Woodbury Alum Cynthia Tello Launches Kickstarter Campaign for Sustainable Shoes
Not Only a Dream in Rio — Woodbury Alum Cynthia Tello Launches Kickstarter Campaign for Sustainable Shoes
Brazil-based Designer Aims to Produce Stylish, Earth-Friendly Line Under Her Own Joya da Terra Eco Brand
BURBANK, Calif. (June 30, 2014) – The distance between Burbank and Brazil can be measured in miles – and bridged by Design Thinking, one of Woodbury University’s four pillars.
That’s certainly been the experience of Woodbury alumnus Cynthia M. Tello, Creative Director/Owner of www.joyadaterra.com. Now based in Rio de Janeiro, Tello graduated from Woodbury in 2000 with a degree in Animation and did graduate work in the Master of Organizational Leadership (MOL) program in 2013.
Tello has just embarked on a Kickstarter campaign to bring to market the first-ever sustainable shoe. “Joya da Terra commits itself to the human-centered tenets of Design Thinking by promoting accountability for the impact of our products upon our customers’ bodies and the culture at large,” she says. Woodbury’s Design Thinking method enables students to examine all sides while pursuing solutions to complex social problems.
Tello has spent more than eight years consulting for some of the most prominent apparel brands in the U.S. and Europe. A former Print Designer for 7 for All Mankind and Hudson Jeans, she launched own brand, “Life and Death,” in 2006 but walked away when she realized that her backers were planning to manufacture her goods in China and abandon her local suppliers. That experience redoubled her commitment to sustainability and gave rise to her first eco-brand.
“Brazil is at a very delicate stage, with millions of tourists now visiting the country for the World Cup and, in two years, for the Summer Olympics,” Tello says. “Visitors are bound to leave their footprints in this delicate ecosystem. Many of the cities hosting these events have no recycling efforts and poor sanitation capabilities, risking the health and livelihood of the local communities. By giving a new value to materials that are traditionally considered waste, we are creating a business model that can create safe, toxic-free jobs and encourage local governments to in require recycling efforts in their communities.”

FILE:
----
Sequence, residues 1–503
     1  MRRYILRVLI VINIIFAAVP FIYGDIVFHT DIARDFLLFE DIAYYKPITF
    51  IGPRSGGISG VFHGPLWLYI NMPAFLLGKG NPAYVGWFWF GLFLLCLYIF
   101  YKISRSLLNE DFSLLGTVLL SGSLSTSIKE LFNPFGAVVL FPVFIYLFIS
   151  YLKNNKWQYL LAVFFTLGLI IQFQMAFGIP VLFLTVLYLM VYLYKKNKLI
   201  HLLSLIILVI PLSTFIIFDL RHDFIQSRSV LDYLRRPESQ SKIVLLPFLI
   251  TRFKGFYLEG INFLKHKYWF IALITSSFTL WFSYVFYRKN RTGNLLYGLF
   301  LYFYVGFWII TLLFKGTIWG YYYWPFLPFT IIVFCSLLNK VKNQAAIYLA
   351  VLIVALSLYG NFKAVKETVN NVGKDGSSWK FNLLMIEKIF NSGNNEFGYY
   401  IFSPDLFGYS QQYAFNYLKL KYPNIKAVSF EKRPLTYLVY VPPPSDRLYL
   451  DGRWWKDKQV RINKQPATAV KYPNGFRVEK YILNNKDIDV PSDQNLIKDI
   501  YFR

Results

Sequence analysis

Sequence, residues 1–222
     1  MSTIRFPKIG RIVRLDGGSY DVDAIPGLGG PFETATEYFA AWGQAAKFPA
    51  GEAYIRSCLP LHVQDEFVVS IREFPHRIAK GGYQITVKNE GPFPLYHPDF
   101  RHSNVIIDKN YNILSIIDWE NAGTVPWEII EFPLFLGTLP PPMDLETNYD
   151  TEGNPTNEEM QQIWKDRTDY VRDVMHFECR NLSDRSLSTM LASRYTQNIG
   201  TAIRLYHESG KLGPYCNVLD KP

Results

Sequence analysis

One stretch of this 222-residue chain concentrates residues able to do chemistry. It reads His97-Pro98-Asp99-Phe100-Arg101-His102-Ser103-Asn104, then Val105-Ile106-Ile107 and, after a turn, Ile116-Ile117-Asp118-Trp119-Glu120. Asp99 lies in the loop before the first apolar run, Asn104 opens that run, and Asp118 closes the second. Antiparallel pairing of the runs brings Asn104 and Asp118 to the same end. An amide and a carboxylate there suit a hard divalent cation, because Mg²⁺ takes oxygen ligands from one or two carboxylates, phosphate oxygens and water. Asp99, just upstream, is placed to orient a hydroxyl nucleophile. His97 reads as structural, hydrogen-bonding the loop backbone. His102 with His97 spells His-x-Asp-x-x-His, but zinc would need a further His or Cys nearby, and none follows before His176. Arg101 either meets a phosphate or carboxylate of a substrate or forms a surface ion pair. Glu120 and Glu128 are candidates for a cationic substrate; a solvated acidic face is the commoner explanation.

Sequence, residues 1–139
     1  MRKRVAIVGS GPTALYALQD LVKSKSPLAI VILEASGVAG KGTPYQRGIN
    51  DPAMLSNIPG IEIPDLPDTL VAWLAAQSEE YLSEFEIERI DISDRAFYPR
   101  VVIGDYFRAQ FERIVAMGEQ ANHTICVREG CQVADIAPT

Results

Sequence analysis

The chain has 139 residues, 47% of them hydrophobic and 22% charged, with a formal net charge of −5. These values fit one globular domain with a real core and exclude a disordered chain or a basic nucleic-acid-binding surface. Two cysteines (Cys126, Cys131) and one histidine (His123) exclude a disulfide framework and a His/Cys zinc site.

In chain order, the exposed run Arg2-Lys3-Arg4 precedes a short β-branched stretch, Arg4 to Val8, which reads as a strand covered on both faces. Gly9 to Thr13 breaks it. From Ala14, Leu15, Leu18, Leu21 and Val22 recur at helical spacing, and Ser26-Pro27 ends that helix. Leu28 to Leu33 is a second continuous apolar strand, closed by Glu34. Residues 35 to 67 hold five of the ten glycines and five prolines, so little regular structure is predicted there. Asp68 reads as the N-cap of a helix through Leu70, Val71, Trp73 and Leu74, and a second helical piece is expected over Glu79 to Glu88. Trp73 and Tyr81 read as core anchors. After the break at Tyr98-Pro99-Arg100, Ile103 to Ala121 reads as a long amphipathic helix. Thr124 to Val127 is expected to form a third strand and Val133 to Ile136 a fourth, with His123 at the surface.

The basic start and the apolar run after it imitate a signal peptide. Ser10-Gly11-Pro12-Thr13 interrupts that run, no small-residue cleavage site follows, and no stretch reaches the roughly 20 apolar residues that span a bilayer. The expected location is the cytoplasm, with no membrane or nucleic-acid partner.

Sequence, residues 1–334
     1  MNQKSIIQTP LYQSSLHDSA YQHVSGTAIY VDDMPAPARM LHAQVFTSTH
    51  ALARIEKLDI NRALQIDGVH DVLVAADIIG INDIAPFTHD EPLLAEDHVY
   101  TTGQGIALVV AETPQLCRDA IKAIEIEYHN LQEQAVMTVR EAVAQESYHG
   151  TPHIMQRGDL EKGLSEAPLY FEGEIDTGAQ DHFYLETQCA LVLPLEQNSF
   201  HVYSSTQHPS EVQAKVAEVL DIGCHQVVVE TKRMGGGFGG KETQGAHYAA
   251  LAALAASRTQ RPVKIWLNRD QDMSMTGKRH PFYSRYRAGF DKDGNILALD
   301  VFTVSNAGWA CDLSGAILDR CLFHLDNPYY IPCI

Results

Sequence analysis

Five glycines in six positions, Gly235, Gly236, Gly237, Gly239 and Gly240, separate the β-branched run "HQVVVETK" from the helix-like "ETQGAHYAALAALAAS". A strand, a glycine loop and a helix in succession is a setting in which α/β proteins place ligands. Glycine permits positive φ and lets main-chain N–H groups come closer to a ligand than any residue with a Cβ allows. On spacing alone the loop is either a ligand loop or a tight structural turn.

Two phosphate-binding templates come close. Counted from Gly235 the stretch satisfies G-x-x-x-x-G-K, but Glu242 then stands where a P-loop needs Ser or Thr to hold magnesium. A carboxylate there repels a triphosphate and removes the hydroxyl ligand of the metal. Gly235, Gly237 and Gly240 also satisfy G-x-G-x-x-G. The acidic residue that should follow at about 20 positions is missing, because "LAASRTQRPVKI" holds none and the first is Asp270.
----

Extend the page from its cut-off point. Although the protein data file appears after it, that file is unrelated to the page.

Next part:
According to Tello, the footwear industry relies heavily on petroleum-based products that are cheap to manufacture but are often unsustainable. “Many products can even contain known carcinogenic chemicals, such as the leather dyes that can render land infertile and seriously affect marine life and the entire food chain,” she says. “Our campaign seeks to promote a better future for our planet, through a business model that can be duplicated in many coconut-growing countries, like the Philippines, India, Indonesia and so on — countries that also suffer from a lack of government interest in sustainability.” The Joya da Terra line features two unisex styles.
“Our entire production line is focused on re-materialization,” Tello continues “Our eco-leather facility has its own water treatment plant. We use 100 percent water-based adhesives to protect the health of our employees and minimize our carbon footprint. The coconut fiber foot-mattress has natural anti-bacterial agents, which are coated with a layer of natural latex that molds to your body as you wear it. It also stimulates the nerve endings in your feet and promotes good posture. The soles are made of the latest technology in natural latex, collected in the Amazon rainforest, a renewable material that can provide locals with a source of income without damaging or cutting down trees. This is an idea whose time has come, and my experience at Woodbury – especially with Design Thinking – was instrumental in bringing me to this point.”
To participate in the Kickstarter campaign, visit: https://www.kickstarter.com/projects/306596941/joya-da-terra-a-sustainable-footwear-line-made-in.
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